Carbothermal Synthesis of Aerosol-Based Iron-Carbon Nanocomposites for Adsorption and Reduction of Cr(VI)
Spherical iron-carbon nanocomposites were synthesized through a facile aerosol-based process and a subsequent carbothermal reduction. Carbothermal treatment reduces iron species to zero-valent iron rather than using expensive sodium borohydride. In addition, the high porosity of iron-carbon composites allows the entry of contaminants to reactive sites. These composites with nanoscale zero-valent iron particles incorporated in the carbon matrix exhibit synergistic adsorption and reaction for more efficient removal of Cr(VI) in water. Under identical experimental conditions, aerosol-assisted iron-carbon composites showed the highest removal efficiency compared to other materials including nanoscale zero-valent iron particles, aerosol-assisted carbon, and their physical mixture. Meanwhile, X-ray photoelectron spectroscopy analysis proved as-prepared iron-carbon composites could effectively transform Cr(VI) to much less toxic Cr(III). These iron-carbon composites can be designed at low cost, the process is amenable to scale-up for in situ application, and the materials are intrinsically benign to the environment.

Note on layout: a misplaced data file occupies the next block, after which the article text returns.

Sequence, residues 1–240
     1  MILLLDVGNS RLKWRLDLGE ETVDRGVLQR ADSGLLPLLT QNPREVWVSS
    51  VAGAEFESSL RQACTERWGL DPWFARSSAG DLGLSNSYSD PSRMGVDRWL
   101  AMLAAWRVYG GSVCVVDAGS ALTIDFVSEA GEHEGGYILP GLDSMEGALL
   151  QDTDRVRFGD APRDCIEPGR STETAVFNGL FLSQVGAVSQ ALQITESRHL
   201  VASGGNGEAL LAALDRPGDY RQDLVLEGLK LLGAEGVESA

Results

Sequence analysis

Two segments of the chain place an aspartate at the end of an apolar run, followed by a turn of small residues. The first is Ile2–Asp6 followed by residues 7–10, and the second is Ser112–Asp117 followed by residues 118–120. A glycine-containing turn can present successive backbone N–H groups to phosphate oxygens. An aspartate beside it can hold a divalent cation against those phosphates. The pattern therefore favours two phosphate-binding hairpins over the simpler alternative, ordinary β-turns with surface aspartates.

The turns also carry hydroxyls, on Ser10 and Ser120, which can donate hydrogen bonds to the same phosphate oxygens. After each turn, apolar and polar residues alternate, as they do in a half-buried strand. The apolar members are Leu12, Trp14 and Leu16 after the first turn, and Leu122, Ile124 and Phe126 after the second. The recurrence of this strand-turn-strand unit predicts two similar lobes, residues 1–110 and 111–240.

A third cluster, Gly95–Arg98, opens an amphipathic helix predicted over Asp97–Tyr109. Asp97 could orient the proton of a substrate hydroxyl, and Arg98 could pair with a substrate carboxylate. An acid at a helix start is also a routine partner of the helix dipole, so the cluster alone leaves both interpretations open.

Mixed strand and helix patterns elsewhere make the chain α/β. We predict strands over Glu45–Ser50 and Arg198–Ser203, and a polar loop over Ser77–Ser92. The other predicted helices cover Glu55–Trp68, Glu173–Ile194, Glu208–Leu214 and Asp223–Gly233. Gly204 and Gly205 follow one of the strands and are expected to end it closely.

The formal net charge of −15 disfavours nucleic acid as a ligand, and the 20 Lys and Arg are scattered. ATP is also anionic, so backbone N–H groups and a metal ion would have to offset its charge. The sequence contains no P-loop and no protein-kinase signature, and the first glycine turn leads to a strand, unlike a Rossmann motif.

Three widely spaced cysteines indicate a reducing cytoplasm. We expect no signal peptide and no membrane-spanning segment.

KeywordsIron-carbon nanocomposite Adsorption Reduction Hexavalent chromium Aerosol-based synthesis
We wish to thank Dr. Yanqiang Huang at Dalian Institute of Chemical Physics for his assistance with the XPS analysis. Funding from the Fundamental Research Funds for the Central Universities is gratefully acknowledged.
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